The Cross-staff, or Jacob’s staff,
is believed to be invented around 400 BC by the Chaldeans but was used mainly
by the astronomers. Only in 1514, Johann Werner proposed to use it for
How it works
Diagram of a Kamal
invention of the Cross-staff was inspired by the Kamal used by Arab
navigators, which was also known to the Portuguese as the 'Balestilha of the moors'.
The Kamal consisted of a length of cord
attached to the center of a rectangular plaque of wood with knots on the cord
that correspond to the latitude of a particular port. The observer will hold
onto the appropriate knot to his eye and stretched the plaque so that he could
see the horizon in line with its lower edge. The upper edge will determine if
the observer is in the right latitude.
Similarly, a Cross-staff
(below) was made up of a long staff, usually 36 inches long, and four shorter
sliding cross pieces of varying length, that can moves up and down the longer
staff. The four sides of the staff are all graduated differently in degree to
suit each cross piece. The observer will choose an appropriate cross piece and
thread it onto the long staff. By holding the Cross-staff to the eye, the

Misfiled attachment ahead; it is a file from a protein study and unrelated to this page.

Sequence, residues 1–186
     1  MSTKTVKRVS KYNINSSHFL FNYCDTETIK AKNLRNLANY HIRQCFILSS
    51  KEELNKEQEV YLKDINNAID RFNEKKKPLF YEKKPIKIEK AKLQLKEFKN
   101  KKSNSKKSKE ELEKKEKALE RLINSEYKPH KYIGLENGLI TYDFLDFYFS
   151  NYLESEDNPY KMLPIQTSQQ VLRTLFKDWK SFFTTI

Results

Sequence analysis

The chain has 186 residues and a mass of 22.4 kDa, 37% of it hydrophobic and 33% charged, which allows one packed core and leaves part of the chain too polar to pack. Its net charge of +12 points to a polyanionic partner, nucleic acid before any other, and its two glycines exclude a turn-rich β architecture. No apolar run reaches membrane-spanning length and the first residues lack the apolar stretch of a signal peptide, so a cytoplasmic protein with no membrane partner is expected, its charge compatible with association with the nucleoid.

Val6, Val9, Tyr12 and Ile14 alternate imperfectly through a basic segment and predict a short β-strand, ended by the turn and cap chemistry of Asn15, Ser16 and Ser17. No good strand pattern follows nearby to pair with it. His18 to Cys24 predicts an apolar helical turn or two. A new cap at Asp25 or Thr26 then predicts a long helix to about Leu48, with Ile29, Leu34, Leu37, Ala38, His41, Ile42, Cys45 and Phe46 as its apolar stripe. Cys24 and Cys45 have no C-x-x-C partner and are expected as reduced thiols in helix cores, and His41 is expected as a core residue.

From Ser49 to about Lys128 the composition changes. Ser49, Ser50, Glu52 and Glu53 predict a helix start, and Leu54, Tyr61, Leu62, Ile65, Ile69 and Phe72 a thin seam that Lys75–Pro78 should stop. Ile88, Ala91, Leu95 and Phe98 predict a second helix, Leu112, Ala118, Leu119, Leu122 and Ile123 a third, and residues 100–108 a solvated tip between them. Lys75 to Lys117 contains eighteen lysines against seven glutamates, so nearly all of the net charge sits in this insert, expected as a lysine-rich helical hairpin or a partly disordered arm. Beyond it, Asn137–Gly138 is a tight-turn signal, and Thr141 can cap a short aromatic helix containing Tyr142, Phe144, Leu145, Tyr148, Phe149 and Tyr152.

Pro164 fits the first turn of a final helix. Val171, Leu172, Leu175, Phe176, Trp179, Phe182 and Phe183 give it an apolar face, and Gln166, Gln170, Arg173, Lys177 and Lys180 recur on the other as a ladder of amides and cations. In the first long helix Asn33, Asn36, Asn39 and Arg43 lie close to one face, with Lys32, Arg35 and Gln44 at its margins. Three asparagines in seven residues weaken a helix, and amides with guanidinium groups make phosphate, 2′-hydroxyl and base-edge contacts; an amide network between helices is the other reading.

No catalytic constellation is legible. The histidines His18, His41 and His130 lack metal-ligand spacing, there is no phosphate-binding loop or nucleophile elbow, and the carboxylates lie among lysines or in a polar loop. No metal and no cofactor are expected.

observer will shift the cross piece until its upper and lower edges is in line
with the celestials body and the horizon respectively. The altitude of the
celestial body can then be read off from the appropriate scale. Both the Kamal
and the Cross-staff can only be used to find altitude of a celestial body.
of a Cross-staff
The Cross-staff is a much simpler device than the
Astrolabe, but its
reading is still affected by many other factors. For example, looking at two points at the same time
can cause ocular parallax, and the need to look
directly at the blinding sun when taking its meridian altitude (This problem was
partially solved by using a smoked glass). The
staff must also be positioned correctly on the cheekbone, so that the eye would
be on the terminal point in the axis in order to obtain an accurate reading.
There is also some restriction to the usage of the Cross-staff. Due to the restriction of the angles between two objects that the human
eyes can see at the same time, the angle that can be measured by the Cross-staff
is restricted from around 20°
In addition, the smallest graduation on the staff is around 3°,
therefore it is impossible to use the Cross-staff in low latitude regions.